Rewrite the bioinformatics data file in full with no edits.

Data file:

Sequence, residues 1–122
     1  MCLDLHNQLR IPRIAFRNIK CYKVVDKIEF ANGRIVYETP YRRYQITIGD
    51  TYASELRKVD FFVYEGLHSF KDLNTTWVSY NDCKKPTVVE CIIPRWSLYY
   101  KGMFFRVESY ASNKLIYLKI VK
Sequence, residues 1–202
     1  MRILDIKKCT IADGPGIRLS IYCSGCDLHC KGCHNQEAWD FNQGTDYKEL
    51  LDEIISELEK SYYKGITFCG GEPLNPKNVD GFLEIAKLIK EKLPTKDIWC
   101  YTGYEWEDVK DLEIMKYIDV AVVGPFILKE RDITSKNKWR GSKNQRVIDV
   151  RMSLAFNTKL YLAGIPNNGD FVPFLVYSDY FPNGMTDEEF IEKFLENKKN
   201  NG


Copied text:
Sequence, residues 1–122
     1  MCLDLHNQLR IPRIAFRNIK CYKVVDKIEF ANGRIVYETP YRRYQITIGD
    51  TYASELRKVD FFVYEGLHSF KDLNTTWVSY NDCKKPTVVE CIIPRWSLYY
   101  KGMFFRVESY ASNKLIYLKI VK
Sequence, residues 1–202
     1  MRILDIKKCT IADGPGIRLS IYCSGCDLHC KGCHNQEAWD FNQGTDYKEL
    51  LDEIISELEK SYYKGITFCG GEPLNPKNVD GFLEIAKLIK EKLPTKDIWC
   101  YTGYEWEDVK DLEIMKYIDV AVVGPFILKE RDITSKNKWR GSKNQRVIDV
   151  RMSLAFNTKL YLAGIPNNGD FVPFLVYSDY FPNGMTDEEF IEKFLENKKN
   201  NG